Effective teaching is not the result of teachers knowing their subject matter well or having a broad knowledge about pedagogical practice alone. Having an understanding about content and practice certainly enhances the instructional process; however these are not the only factors that contribute toward effective teaching, student learning and achievement. As Hashweh (2005) suggests, teachers also bring their values and beliefs which are intertwined with their subject and pedagogical knowledge. There is good research to suggest that teachers’ beliefs about taught content, or education in general, become powerful filters through which a plethora of instructional judgments and decisions follow (Shavelson, 1983; Chen, 2008). After gaining knowledge about a particular strategy, concept, or educational approach, teachers are free to believe or disbelieve, accept or deny, dismiss or impart such information or plan or not plan a strategy or approach into their lesson preparation. In other words, teachers possess personal, epistemic assumptions about the nature of knowledge, educational beliefs, theoretical constructs about teaching in general, and religious beliefs that impact and influence teaching and learning. Research reports that teachers’ personal, epistemic, pedagogical, and religious beliefs impact how other disciplines are taught and learned too. Rupley and Logan (1984) denote causal relationships between teachers’ philosophical beliefs about reading literacy and the instruction offered to students in their classrooms. Teachers who carve out more instructional time to teach phonics believe phonemic discourse and phonetic skills are integral for reading literacy whereas teachers who espouse a whole-language belief will set aside more time to teach students to derive meaning from words using different types of reading strategies. Cady, Meier, and Lubinski (2006) report beliefs influence the teaching of mathematics. For instance, some teachers may or may not spend as much classroom time on the memorization of mathematical formulas or may or may not provide more opportunity for their students to explore different solutions to the same problem as might others. Teachers truly believe that technological content and knowledge is a relevant component for twenty-first century learners. Teachers further believe technological skills enhance learning and provide students a more efficient means to solve problems and complete tasks. Yet, even when school districts make available computers and software packages to students, teachers use technology in superficial ways unless the technology is beneficial to students and improve teaching (Chen & Chen, 2009; Albion & Ertmer, 2002). The reality is the beliefs that teachers are exposed to become salient qualifiers and influence their observed behavior. What about the teaching of creation and evolution? Student textbooks embed untruths about the age of the earth and the origin of life. Yet, Christian teachers are compelled to bring into their lessons their Christian faith and expose such misinformation and deception. And this is so because teachers’ Christian beliefs underpin the type of instruction offered to students. And, teachers modeling and teaching their students about their Christian faith remains steadfast even in the presence of external persuasion, cultural distraction, confrontation, or even persecution. Why is this so? Christian teachers believe and teach God’s Word as absolute truth. We (Body of Christian Believers) give thanks to God for Christian teachers and Lutheran schools throughout the Indiana District and LCMS. Lutheran schools are great places to grow because Jesus Christ is the cornerstone of our instruction and activity. Christian teachers in our Lutheran schools, providing that Christian instruction, enable the Holy Spirit to work through that Biblical instruction to strengthen the faith of young adults, children and families. Our beliefs are rooted in the Holy Trinity – God the Father, God the Son, and God the Holy Spirit – Three in One. A Christian teacher’s propensity to deliver instruction is rooted in their Christian beliefs and impervious to change. As a result of their conviction to teach these Biblical truths, students in our Lutheran Schools receive God’s grace, mercy and love every day. That grace, mercy and love is revealed in a kind word, friendly greeting, or redirection back to the Cross of Jesus for calm and heal. Teachers believe instructing children in a Christian environment engenders quality instruction. Furthermore, teachers in our Lutheran schools realize that faith development must become a way of life, ensconced in one’s actions, and not limited to an instructional period that happens sometime during the instructional day. Below are eleven themes/indicators of effective instruction identified by Christian teachers in LCMS districts contiguous to the Indiana District as well as the Indiana District. Integrate one’s faith into their teaching Reflective evaluator Differentiate according to student need and ability Maintain a safe and positive learning environment All students can learn Engage students in the learning process Inspire students to want to learn Integrate technology into one’s teaching Prepare students to be upstanding citizens A competence to communicate to constituents Build relationships with students In closing, the teaching of one’s faith separates faith-based schools from private and public institutions. The integration of one’s faith is of particular interest to all of us as we, together, provide the best possible Christian instruction for our students. May God continue to bless your ministry and the ministry of the Indiana District! Jon Mielke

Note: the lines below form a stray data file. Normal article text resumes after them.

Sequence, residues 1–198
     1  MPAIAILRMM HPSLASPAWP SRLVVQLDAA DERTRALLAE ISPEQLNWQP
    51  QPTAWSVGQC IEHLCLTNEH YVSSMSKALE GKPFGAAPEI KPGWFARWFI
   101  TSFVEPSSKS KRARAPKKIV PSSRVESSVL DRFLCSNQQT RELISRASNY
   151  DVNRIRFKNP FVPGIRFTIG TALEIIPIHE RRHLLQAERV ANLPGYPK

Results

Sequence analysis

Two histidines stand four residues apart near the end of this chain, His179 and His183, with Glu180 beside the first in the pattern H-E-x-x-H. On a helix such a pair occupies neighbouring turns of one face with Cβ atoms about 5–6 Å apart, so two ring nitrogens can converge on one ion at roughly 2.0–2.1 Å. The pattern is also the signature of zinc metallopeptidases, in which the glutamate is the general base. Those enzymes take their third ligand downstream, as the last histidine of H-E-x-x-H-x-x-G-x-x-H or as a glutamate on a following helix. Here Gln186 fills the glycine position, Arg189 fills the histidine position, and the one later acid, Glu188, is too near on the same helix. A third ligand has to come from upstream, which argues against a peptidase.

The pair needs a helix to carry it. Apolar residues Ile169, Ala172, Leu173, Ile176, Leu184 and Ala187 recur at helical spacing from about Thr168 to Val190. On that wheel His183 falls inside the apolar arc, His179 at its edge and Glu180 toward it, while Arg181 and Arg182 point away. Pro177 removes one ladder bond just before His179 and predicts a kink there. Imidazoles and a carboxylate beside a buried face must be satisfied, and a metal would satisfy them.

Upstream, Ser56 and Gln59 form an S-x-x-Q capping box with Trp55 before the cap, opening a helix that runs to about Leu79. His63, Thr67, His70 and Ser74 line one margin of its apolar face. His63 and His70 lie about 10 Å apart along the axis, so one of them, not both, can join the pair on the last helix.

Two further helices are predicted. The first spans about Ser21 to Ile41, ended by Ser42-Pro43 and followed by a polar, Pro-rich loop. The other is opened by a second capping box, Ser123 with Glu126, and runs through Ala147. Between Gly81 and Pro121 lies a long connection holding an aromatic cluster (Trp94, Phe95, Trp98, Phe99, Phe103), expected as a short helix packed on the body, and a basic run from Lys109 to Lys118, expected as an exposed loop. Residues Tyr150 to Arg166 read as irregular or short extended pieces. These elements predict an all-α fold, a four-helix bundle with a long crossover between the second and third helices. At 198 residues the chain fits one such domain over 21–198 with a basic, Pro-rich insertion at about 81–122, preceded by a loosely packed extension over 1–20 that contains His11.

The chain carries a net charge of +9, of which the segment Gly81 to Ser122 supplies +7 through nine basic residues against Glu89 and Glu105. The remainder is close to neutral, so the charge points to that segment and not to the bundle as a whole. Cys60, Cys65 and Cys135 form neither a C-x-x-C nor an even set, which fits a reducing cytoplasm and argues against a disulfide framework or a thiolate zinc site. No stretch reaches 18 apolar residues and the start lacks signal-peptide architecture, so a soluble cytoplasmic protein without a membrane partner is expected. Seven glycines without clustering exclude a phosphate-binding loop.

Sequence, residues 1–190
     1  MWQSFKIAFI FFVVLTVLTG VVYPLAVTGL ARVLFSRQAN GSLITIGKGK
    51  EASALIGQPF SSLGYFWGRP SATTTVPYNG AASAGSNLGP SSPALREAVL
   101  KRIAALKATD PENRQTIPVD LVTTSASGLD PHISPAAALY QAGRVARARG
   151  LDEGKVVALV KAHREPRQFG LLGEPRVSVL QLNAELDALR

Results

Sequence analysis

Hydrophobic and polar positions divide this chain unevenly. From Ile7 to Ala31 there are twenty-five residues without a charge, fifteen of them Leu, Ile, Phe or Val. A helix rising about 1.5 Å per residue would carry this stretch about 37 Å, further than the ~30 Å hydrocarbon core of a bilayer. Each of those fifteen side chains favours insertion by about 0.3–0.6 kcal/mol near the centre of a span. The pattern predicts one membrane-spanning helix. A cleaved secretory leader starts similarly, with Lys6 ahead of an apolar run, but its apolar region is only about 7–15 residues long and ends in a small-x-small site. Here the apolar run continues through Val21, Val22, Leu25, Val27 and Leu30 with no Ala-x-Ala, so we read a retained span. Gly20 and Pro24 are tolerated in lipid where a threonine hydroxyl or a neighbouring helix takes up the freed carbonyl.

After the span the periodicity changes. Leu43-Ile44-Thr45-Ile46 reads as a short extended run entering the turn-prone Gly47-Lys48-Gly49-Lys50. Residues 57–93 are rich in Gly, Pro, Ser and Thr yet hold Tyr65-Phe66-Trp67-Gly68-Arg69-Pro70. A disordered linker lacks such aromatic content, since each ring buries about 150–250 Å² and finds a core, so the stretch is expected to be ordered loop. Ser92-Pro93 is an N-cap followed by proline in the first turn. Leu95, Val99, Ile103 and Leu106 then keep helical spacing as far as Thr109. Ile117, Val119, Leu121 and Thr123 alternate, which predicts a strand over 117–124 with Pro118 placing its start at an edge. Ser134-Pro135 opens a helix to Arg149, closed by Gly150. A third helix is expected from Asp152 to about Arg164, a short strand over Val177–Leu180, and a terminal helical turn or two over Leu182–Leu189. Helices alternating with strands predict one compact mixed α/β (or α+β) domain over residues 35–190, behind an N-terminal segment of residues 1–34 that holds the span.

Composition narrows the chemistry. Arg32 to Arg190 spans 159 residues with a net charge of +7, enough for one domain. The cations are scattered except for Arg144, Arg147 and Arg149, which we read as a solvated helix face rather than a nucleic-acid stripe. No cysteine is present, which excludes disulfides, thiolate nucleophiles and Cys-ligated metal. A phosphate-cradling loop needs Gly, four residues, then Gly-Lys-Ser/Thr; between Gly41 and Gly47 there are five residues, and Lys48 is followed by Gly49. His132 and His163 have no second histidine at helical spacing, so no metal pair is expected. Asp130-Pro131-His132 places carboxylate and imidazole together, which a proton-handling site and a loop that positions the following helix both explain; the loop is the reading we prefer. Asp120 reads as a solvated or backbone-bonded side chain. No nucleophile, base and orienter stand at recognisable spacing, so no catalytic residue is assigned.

Rev. Phillip Krupski
He is a simple man. All his life he has grown in faith and served the Lord with passion. Life has been full of challenges and blessings. As he approaches his retirement years, gift planning made sense. At first he thought his children could take care of his estate after he was gone, relieving him of the burden. But as he dove into the process and saw the opportunity to plan well, not only could he take care of his children better but he could also leave a six figure gift to ministry. Almost in tears he looked at me and said, “Who would have ever thought that I would be able to do all of this?” That is the stewardship journey I, as a gift planning counselor, have the privilege of sharing with God’s faithful people. Together we can discover God’s plan for your life as His grace shines through! Rev. Philip Krupski, Gift Planning Counselor
Mr. Steve Strauch
Attention Pastors! Are you paying more than 3.125% on an unsecured educational loan? The Lutheran Church Extension Fund (LCEF) has developed an educational loan repayment program to help LCMS ordained ministers successfully reduce their existing school debt. With loans directly to the pastor or to his congregation, LCEF can help meet this sometimes burdensome obligation. Two loan programs are available: Direct Pastoral Education Loan Repayment Program: This loan program is provided directly to the active LCMS pastor, normally in the first five years after seminary graduation. Loans up to $50,000. Terms are up to 10 Years. Congregation Pastoral Education Loan Repayment Program: This loan program is provided to the congregation who acts as the eligible borrower to provide support for an active ordained LCMS pastor, normally in the first 10 years after seminary graduation. Loans up to the amount of indebtedness, not to exceed $100,000. Funds may be drawn on for a maximum of two years, with interest billed monthly during the period. Both loan programs have the following features: Interest rates are based on LCEF’s Cost of Funds, plus 1%, adjusted annually. The interest rate is NOT based on credit score. Ability to consolidate outstanding unsecured loans for education purposes incurred during seminary tenure, such as: privately held student loans, loans from family, credit cards, etc. Loan funds are disbursed to creditors. LCEF has friendly, knowledgeable loan officers and service staff. Internet and automated telephone access to loan information. For more information about these loan programs, please contact Steve Strauch, LCEF District VP, at 765-464-4579 or email him at firstname.lastname@example.org. You may also go online to www.lcef.org. Applications Secured Loan Application Rostered Church Workers RCW Direct Housing RCW Consolidation RCW Home Equity